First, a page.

Fourth of July Reception

Your Excellency, Vice Prime Minister Amadou Ali;
Your Excellency, Minister of External Relations Moukoko Mbonjo;
Your Excellencies, Members of Government;
Your Excellencies, Ambassadors, High Commissioners, Heads of International Organizations, and other members of the diplomatic corps;
Distinguished guests and friends from all sectors, the media, arts, academia, the private sector, and alumni;
Ladies and gentlemen;
Colleagues and friends;

Bienvenue!  C’est un grand plaisir pour moi de vous accueillir ce soir pour se joindre à nous pour célébrer la Journée de l’Indépendance américaine.

Today we wish to celebrate 239 years of effort to build a peaceful, just and prosperous society in America, and highlight the promotion of civil rights as the key to the success we have enjoyed so far.

Helping us celebrate tonight are two great examples of the musical arts.  I want to offer a special thanks to the University of Buea choir.  When I first heard them sing several months ago, their beautiful voices brought tears to my eyes.  I am honored today by their superb rendition of America’s national anthem.

And it is also my privilege to welcome American musician Bobby Ricketts, whose sounds of jazz will be our feature entertainment tonight.  Bobby has traveled extensively throughout the world under the Department of State’s Arts Envoy Program, and will partner tonight with Cameroonian artists in a great jazz ensemble.  Thank you for joining us Bobby!

In 1776, the American “Declaration of Independence” was signed and a new nation was born.  Our Founding Fathers firmly believed that all men were created equal and endowed by their Creator with certain inalienable rights, such as the right to life, liberty and the pursuit of happiness.  As President Obama eloquently said, “America began as a daring idea . . . our Founding Fathers . . . took a bold chance on an improbable experiment in democracy.”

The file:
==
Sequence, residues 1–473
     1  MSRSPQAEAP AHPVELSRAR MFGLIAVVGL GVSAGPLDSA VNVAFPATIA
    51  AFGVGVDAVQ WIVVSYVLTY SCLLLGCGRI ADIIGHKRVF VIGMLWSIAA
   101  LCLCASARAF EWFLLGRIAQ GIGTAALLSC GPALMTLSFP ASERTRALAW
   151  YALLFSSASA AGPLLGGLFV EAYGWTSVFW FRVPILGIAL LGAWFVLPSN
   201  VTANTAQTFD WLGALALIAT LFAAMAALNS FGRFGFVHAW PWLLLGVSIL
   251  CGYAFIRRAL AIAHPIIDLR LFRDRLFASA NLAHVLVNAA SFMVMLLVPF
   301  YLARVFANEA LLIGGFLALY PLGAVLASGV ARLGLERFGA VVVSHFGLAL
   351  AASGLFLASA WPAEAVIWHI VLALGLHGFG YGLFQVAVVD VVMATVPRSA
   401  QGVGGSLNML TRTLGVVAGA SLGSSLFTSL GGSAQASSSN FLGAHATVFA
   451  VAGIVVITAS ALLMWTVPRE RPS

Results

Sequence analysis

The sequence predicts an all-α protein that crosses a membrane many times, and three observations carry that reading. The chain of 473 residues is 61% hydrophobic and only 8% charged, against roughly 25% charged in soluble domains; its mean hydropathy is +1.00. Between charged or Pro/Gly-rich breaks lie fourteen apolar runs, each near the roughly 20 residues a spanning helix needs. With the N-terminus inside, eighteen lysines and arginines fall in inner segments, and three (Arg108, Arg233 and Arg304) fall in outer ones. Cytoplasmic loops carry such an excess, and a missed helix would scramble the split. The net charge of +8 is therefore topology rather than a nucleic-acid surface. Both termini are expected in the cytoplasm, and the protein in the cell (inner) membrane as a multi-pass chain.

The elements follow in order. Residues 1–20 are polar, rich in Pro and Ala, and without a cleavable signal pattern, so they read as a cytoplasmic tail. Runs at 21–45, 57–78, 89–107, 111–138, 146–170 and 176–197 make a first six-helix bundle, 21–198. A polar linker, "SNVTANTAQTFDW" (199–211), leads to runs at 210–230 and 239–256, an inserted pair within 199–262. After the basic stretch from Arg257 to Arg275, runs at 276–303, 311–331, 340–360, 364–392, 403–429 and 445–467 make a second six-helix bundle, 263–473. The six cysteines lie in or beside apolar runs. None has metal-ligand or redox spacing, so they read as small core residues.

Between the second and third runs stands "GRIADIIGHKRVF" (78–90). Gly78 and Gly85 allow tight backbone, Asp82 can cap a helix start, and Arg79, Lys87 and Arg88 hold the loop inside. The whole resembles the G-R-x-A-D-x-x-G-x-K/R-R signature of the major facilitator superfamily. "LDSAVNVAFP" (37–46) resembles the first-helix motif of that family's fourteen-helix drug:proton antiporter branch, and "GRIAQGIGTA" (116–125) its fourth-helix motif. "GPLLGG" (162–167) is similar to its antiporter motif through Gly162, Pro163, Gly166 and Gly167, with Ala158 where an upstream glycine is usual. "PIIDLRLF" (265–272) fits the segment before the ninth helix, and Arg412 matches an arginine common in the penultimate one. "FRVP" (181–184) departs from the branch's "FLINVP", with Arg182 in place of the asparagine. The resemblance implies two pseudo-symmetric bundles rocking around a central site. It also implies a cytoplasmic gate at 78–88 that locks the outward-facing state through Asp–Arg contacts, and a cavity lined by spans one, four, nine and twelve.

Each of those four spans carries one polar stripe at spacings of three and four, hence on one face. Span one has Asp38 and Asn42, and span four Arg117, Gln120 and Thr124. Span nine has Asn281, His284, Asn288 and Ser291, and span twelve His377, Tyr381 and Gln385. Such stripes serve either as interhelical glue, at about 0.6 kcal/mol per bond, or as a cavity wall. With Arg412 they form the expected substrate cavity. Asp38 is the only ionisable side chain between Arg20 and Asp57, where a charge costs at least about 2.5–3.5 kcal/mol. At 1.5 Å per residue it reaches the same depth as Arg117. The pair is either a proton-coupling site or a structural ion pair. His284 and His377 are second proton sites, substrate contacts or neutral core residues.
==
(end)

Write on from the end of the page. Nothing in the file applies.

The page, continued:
And now, 239 years later, we can point to significant success in building a society based on freedom, equality and equal opportunity for all Americans, native-born and immigrant alike.

But the American journey has not been perfect.  After the adoption of our Constitution, it took 15 more years to adopt our Bill of Rights.  Sixty-nine years after that, we fought a bloody Civil War to finally end the evil of slavery.

It then took another half century from the end of the Civil War for women to gain the right to vote.  It took 100 years from the end of the Civil War and slavery for the 1964 Civil Rights Act to be signed into law.  Thus, it took almost two hundred years after independence for all men, including African Americans and women, to be guaranteed by law the full rights enjoyed by all citizens.

America’s journey on civil rights has been long and hard.  Dr. Martin Luther King, Jr. remains the most prominently known of our civil rights heroes 47 years after his death at the hands of an assassin, yet his powerful message, that “an injustice against one is an injustice against all” echoes resoundingly around the globe.

Aujourd’hui, nous dévoilons une exposition de photos à partager avec vous de l’histoire des leaders de mouvement américaine des droits civiles.  Une de ces personnes extraordinaires est Cesar Chavez, le plus important chef hispanique dans l’histoire américaine.

Fifty years ago, Cesar Chavez began a farm worker movement in the United States.  He inspired millions of supporters to engage in nonviolent campaigns to improve the lives of farmworkers.